Put Your Child Ahead of Your Feelings
Video Transcribed: So let’s talk about a concept with family litigation that I would refer to as mutually assured destruction. My name is Brian L. Jackson, I am a Tulsa fathers rights attorney here at Dads.Law where fathers are not disposable. Today we’re going to talk about the idea of mutually assured destruction in the context of family court.
This is a problem that can come up when you have a set of bad facts that are equally bad for both parents. Say one parent engaged in some conduct that was potentially dangerous to the child or children, and the other parent sat on their hands and didn’t do anything about it. That’s a classic example you see.
What that can do is if that goes to court, the judge may look at one parent and say, “Well, what you did was really, really bad, and that makes you an unsuitable placement.” And then they could look at the other parent and say, “You sat on your hands and did nothing until later on, and for this reason, you’re not a suitable placement either because you don’t protect the child.” And the result is that the court ends up calling DHS and potentially initiating deprived proceedings. That’s what I mean when I say mutually assured destruction.
One thing to be aware of with courtroom proceedings is just because you weren’t personally the one that was engaged in the bad behavior, if you’re aware of it for a period of time and do nothing, it can create one of two situations.
Either it’s going to convince the court that the situation isn’t really that bad, or it’s going to convince the court the situation really is that bad and both of you suck. And either way, it can easily result in a result that nobody’s going to like. And that’s what I mean when I say mutually assured destruction.
The term originates from the cold war. It was the idea that both powers, that is the US and the Soviet Union, both had sufficient nuclear arms to destroy one another.
And that’s what I’m talking about here is where you each have enough dirt on the other one to destroy the other person in court, make them look really, really bad, cause a court to second guess whether or not they’re an appropriate placement for a child, or worse, that whether or not they should even be allowed unsupervised contact with the child.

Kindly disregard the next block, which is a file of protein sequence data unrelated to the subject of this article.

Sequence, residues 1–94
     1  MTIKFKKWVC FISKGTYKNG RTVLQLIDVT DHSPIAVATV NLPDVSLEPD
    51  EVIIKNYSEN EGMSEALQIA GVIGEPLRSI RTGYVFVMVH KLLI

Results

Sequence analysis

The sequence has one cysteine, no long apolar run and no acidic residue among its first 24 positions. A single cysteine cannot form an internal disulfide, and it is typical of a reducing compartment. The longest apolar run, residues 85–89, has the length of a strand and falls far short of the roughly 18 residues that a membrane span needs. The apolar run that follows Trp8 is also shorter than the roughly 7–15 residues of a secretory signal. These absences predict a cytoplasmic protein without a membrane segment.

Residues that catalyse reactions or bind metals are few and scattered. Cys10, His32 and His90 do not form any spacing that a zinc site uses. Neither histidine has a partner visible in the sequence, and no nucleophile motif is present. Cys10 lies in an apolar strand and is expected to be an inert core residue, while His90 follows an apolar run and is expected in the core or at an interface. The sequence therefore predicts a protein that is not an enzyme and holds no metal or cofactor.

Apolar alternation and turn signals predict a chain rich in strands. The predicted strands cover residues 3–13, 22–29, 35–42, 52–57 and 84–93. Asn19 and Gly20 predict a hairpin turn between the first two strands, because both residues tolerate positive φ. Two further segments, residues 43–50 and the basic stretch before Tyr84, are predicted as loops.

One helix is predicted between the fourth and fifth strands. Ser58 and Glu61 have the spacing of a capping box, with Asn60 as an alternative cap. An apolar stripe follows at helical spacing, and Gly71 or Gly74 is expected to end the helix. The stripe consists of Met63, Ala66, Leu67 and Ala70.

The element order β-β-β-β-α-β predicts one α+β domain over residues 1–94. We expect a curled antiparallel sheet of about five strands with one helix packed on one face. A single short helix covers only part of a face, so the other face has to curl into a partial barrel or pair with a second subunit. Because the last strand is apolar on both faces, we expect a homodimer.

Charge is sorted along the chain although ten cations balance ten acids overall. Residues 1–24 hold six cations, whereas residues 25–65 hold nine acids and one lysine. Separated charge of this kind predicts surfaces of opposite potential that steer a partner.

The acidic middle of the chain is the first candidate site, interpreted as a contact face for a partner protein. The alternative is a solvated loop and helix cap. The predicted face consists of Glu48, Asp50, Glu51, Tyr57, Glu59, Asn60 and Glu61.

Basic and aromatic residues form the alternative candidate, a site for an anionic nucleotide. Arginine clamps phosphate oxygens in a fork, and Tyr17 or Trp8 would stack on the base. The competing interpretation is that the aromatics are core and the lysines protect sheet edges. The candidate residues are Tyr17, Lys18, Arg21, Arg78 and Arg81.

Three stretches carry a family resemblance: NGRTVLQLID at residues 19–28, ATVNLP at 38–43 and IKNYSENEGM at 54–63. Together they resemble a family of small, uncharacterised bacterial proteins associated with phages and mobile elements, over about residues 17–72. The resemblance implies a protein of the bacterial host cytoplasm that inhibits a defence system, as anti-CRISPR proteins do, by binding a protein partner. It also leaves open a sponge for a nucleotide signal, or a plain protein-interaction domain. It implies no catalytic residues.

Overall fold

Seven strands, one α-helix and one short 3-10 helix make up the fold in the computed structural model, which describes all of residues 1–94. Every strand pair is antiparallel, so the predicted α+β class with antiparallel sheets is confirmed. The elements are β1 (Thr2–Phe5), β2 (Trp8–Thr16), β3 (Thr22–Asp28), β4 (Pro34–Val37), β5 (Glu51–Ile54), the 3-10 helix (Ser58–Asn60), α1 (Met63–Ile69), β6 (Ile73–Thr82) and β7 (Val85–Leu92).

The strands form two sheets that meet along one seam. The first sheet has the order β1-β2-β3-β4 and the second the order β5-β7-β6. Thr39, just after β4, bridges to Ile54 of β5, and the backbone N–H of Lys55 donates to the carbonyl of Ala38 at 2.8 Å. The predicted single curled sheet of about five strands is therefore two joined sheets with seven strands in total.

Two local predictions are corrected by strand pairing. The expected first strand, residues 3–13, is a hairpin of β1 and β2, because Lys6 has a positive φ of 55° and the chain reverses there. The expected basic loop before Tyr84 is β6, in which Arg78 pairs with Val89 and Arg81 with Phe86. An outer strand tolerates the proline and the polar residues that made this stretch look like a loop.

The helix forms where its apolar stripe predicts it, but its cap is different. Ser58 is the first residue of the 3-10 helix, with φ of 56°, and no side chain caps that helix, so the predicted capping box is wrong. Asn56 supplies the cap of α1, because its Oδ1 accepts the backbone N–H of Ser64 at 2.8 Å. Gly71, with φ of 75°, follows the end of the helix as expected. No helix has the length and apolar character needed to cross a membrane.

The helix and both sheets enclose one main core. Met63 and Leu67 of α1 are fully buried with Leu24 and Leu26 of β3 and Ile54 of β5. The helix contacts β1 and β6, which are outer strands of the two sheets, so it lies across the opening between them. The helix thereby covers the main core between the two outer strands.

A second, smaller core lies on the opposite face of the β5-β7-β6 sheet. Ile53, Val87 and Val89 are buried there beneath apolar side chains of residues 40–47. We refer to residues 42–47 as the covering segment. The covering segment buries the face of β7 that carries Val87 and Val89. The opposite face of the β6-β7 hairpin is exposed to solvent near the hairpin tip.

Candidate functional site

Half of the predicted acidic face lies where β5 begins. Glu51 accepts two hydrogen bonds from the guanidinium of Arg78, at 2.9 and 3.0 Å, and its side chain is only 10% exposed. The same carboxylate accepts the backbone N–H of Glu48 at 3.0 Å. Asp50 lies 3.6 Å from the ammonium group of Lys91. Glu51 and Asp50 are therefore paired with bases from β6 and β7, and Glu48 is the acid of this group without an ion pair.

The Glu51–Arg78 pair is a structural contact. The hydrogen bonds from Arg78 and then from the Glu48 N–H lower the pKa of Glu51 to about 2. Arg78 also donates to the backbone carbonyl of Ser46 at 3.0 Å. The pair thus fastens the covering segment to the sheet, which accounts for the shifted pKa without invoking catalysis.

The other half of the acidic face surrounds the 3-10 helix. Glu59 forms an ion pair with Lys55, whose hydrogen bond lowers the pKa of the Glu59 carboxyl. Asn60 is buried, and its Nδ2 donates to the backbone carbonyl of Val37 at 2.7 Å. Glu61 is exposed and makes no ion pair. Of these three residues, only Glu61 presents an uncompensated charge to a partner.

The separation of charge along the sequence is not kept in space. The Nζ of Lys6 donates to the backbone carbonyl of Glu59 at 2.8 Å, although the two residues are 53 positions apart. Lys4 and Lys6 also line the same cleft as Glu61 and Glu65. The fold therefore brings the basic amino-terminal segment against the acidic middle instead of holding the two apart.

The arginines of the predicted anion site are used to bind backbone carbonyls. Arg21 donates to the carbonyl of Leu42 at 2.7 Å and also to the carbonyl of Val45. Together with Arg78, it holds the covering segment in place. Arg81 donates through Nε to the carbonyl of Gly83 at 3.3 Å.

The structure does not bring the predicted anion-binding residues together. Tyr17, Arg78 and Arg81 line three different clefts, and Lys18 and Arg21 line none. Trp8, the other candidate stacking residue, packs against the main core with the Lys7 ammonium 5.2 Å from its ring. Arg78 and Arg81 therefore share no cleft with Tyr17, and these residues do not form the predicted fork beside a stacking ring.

If you both destroy each other in court, what you get is an outcome no one’s going to like, because that’s where the court might decide to involve state child welfare. And that can and does happen. What you should do in a mutually assured destruction situation is if both parents are presently in a position where they can care for the children, then they need to figure out a way to work it out so that it doesn’t end up in front of a judge.
That’s a situation to work hard to settle on terms everyone can live with, because if you present facts where one side can destroy the other side, the risk is that the court comes back with a ruling nobody likes, and nobody wins. Because at the end of the day, it’s not about proving you’re right. It’s about what’s best for the child.
And if you’re in a situation where you both make each other look really bad, the court may find that what’s best for the child is to go and put the child into DHS custody. So that’s something to be aware of. And when you are looking at facts that are unfavorable about the other party, you really also need to be thinking in terms of, “What did I do about it?” Because if you sat on your hands and did nothing, you are a problem, too.
My name is Brian L. Jackson. Again, I’m an Oklahoma father’s rights attorney here with dads.law. And if you have any questions at all, I would encourage you to go to dads.law and we’d be happy to help you out.